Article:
RACIAL EQUITY | A new study has found that Black boys, even if they are born to high-income parents, are worse off economically in adulthood than white boys who are born into poverty. Researchers say this gap cannot be explained by class; it is about racism and the way society views Black boys and men. (NYT, 3/19)
If this inequality can’t be explained by individual or household traits, much of what matters probably lies outside the home — in surrounding neighborhoods, in the economy and in a society that views black boys differently from white boys, and even from black girls.
“One of the most popular liberal post-racial ideas is the idea that the fundamental problem is class and not race, and clearly this study explodes that idea,” said Ibram Kendi, a professor and director of the Antiracist Research and Policy Center at American University. “But for whatever reason, we’re unwilling to stare racism in the face.”
– The 2018 County Health Rankings, a collaboration between Robert Wood Johnson Foundation and the University of Wisconsin Population Health Institute, are here! Montgomery County and Loudoun County are still the healthiest counties in Maryland and Virginia, respectively.
EDUCATION | Caroline Hill, founder of the DC Equity Lab and co-founder of the Equity Design Collaborative, discusses her thoughts on ensuring equity in education and the need to include those impacted in the process. (Aspen Institute, 3/15)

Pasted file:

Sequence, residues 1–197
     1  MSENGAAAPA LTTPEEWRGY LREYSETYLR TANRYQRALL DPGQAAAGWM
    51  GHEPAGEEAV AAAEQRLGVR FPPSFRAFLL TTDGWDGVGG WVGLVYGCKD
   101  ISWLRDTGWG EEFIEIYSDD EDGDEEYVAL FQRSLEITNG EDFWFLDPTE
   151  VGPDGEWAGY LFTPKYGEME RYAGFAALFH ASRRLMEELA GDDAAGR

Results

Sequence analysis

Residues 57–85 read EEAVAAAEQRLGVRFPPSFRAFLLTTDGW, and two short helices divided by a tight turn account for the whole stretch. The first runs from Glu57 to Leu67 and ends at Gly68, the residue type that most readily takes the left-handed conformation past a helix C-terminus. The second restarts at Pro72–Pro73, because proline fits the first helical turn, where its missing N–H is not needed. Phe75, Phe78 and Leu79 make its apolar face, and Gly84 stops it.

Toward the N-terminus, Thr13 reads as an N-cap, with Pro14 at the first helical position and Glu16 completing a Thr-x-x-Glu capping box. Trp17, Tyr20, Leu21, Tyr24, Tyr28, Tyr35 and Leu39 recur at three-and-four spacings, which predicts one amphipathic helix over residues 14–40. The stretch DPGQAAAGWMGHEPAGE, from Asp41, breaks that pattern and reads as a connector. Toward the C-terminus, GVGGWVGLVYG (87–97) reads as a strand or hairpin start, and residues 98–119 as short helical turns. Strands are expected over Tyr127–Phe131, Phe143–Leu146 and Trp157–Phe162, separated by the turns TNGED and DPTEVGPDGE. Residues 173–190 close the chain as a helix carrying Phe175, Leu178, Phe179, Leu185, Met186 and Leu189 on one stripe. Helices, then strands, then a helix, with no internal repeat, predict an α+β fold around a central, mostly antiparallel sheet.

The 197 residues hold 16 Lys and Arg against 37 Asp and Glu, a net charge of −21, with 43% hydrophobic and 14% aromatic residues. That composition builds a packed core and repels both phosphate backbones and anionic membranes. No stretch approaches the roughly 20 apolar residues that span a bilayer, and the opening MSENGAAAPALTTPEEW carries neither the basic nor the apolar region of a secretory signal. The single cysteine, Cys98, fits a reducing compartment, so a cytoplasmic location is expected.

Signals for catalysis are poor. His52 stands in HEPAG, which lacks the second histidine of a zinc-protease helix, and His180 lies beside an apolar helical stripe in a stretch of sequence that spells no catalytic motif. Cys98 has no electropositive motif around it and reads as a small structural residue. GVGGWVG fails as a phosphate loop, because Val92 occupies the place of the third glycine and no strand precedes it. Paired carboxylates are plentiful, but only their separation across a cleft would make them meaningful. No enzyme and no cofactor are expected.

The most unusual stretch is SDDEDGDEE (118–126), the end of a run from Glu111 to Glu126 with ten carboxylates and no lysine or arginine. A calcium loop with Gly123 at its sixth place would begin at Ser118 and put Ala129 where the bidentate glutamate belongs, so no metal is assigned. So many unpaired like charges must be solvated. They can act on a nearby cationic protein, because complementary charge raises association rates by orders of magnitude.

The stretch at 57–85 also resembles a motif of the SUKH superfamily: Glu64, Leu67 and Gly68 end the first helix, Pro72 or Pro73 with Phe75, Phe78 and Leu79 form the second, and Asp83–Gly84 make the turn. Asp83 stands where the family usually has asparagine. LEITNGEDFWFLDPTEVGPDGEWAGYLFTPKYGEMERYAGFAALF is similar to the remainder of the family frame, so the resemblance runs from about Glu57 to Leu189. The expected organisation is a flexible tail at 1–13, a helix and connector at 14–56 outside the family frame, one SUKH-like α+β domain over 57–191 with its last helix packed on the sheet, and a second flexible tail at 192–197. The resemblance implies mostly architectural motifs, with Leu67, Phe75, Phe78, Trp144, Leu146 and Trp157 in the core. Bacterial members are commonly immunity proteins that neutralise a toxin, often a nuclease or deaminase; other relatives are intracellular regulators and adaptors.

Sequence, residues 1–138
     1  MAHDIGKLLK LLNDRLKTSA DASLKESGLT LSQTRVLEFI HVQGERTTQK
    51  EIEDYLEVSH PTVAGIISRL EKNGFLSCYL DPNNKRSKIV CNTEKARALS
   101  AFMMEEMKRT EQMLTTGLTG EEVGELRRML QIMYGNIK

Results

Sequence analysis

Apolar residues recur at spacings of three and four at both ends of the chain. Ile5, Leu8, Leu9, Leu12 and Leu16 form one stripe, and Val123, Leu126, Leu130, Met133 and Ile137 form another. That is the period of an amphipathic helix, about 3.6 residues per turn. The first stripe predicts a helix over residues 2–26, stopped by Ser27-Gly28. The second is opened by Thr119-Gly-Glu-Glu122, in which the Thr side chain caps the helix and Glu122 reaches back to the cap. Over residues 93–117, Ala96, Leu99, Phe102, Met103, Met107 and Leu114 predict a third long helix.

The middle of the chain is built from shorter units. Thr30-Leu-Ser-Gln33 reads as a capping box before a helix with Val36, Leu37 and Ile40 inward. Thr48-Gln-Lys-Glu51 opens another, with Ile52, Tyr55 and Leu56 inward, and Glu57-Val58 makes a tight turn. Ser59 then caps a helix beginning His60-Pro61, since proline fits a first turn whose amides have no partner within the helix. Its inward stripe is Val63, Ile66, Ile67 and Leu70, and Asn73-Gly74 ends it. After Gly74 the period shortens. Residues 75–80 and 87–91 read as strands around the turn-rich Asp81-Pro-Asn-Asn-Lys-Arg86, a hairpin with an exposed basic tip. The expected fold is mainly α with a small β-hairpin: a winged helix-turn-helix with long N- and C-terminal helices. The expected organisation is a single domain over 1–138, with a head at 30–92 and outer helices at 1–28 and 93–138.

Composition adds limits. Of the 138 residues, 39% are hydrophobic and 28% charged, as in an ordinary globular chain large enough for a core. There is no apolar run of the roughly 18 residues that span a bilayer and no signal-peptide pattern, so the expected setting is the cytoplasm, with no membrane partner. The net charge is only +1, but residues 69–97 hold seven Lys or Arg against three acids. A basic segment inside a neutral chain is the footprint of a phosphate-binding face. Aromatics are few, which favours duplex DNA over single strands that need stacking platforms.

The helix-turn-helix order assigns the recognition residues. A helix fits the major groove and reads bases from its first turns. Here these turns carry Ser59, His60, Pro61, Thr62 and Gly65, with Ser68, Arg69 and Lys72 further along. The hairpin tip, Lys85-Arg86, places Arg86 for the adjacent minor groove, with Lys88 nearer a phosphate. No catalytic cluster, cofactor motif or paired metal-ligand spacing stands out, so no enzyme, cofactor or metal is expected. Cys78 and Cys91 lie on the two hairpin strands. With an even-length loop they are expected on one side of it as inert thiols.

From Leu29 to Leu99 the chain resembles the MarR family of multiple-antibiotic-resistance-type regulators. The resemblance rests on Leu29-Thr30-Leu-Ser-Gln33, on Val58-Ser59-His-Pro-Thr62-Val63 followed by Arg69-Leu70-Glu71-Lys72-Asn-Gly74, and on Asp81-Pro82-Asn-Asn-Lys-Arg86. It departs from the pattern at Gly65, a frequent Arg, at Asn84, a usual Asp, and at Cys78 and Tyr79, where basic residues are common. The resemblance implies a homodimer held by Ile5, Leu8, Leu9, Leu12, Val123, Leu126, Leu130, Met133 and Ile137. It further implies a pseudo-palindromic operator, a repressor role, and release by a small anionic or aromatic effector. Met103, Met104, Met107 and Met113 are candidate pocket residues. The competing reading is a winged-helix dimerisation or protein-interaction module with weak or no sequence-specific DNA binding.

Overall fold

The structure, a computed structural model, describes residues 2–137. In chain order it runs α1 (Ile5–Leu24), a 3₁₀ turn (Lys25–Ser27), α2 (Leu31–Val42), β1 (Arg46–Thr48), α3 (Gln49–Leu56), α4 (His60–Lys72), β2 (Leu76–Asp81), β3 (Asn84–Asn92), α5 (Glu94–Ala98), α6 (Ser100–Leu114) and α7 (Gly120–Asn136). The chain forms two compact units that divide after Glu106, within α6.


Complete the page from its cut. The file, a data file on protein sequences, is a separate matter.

PHILANTHROPY | The Greater Washington Community Foundation is accepting nominations for the 2018 Montgomery County Philanthropist of the Year until Friday, March 23.
NONPROFITS | University of Maryland’s School of Public Policy has launched a new graduate certificate in nonprofit management and leadership. Learn more here.
HOUSING | Jessica Raven, executive director of Collective Action for Safe Spaces, argues that, instead of criminalizing sex work, the District should be addressing the problem of homelessness, which may lead people to engage in sex work. (GGWash, 3/16)
– Maryland lawmakers will consider whether to raise the maximum fine for texting while driving to $500 tomorrow. (WaPo, 3/18)
Here’s something to make you smile on this Monday:
Thanks to Julia Baer-Cooper, philanthropic advisor, for this entry!
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